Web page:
How fast food and even faster thinking have restored McDonald’s fortunes

How fast food and even faster thinking have restored McDonald’s fortunesMcDonald’s Szechuan McNugget sauce was not perhaps the best known of the company’s products. A plum concoction, it was produced in 1998 as part of a Disney promotion and then long forgotten until this past April, when a few bottles were rustled up following an appeal from one of the characters in Rick and Morty, a cartoon show. Of course, it was little more than a PR stunt, but it was also a demonstration of how the fast food behemoth, serving nearly 70 million customers a day around the world, has become rather nimble on its feet. McDonald’s is once again the darling of Wall Street and most observers say this is thanks to Steve Easterbrook, the company’s Watford-supporting, British-born chief executive. When he took over as McDonald’s chief executive, Easterbrook did not pull any punches. “The reality is our recent business performance has been poor. The numbers don’t lie,” he said in a corporate video. The figures were pretty horrific. In the US, sales had fallen 3.3pc in the previous six years, in Europe by 1.4pc and in Asia, the Middle East and Africa, once considered a growth region, a rather frightening 9.9pc. McDonald’s was contracting, ­announcing for the first time in 45 years that it had closed more outlets than it had opened. What a difference a couple of years makes. In July the company’s shares hit an all-time high. It announced its biggest surge in sales at its restaurants in five years – outstripping analysts’ predictions. Business was being won back from traditional competitors and an ­investment in improving ingredients saw the company move its tanks into the drive-throughs of more upmarket ­rivals. Steve Easterbrook Credit: AP Greg Francfort, a restaurant analyst with Bank of America, says: “Fast food has benefited by an ­increasing tightness in the low-income job market. Wages are up by 5pc and people are taking those dollars and spending them in these quick service restaurants. But at the same time the fast food sector has responded by raising the bar, using better ingredients such as higher quality chicken or cage-free eggs.” Easterbrook has obviously reaped the benefit of traditional McDonald’s customers having more money in their pockets. But he has been shrewd enough to realise that to expand, McDonald’s has had to go beyond the traditional Big Mac and Fries-devouring customer. He has not been afraid to rip up much of the formula that had served McDonald’s well for more than five decades. In March, the company announced that its quarter pound burgers would be made out of fresh beef at most of its restaurants – rather than frozen patties. The burgers and a range of sandwiches are billed as being “signature crafted”. Exactly what that means is a matter of debate – but it does send a message to the public that McDonald’s is a rather different beast than it was a few years ago. Another radical change that Easterbrook has presided over came from his belief that, rather than the traditional model, diners might be happier if they were able to sit at a table, not hang about at a counter. Self-service terminals have been a big initiative Credit: Bloomberg But instead of waiter service, his solution was to put in hi-tech  self-ordering stations where customers punched in what they wanted and the food was brought to them. The technology, which has been deployed outside the US, will eventually appear in all 14,000 restaurants across its home market. McDonald’s has also launched a mobile phone app, enabling diners to order and pay for their food before they even arrive at the counter. Those who cannot face making the trip to a McDonald’s branch can even get their food delivered by Uber. Louis Dale, an analyst with Standard Life Investments, has been impressed by the work Easterbrook has done. “Performance for McDonald’s shares has been great over the last two years, up 50pc, driven by changes in the organisation, the company’s business model and how it operates,” he says. “Investors like the business model changes, which have seen the proportion of franchised restaurants increase. Steve Easterbrook has done a great job decentralising the company’s operations to improve decision-making. The company has increased its focus on delivering a great customer experience.  “I think we’ve seen this execution from the introduction of All Day Breakfast, partnering with UberEats and the announcement of the use of fresh beef starting in 2018, which seems to have brought some enthusiasm back to the brand.”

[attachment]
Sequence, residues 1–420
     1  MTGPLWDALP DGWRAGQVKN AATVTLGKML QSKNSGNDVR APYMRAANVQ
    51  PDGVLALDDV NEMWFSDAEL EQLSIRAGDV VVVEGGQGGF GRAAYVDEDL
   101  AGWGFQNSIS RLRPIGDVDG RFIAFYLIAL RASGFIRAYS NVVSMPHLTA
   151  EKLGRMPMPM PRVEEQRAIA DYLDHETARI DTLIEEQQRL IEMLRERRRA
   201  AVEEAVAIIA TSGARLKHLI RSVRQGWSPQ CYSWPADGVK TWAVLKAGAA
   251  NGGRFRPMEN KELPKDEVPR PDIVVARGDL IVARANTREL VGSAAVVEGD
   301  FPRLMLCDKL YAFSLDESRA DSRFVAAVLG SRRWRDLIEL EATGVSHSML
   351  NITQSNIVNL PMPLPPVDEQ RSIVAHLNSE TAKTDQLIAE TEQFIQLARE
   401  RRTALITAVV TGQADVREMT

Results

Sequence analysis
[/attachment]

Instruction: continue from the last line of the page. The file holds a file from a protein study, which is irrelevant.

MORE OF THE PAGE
Yahoo Finance

Post Comment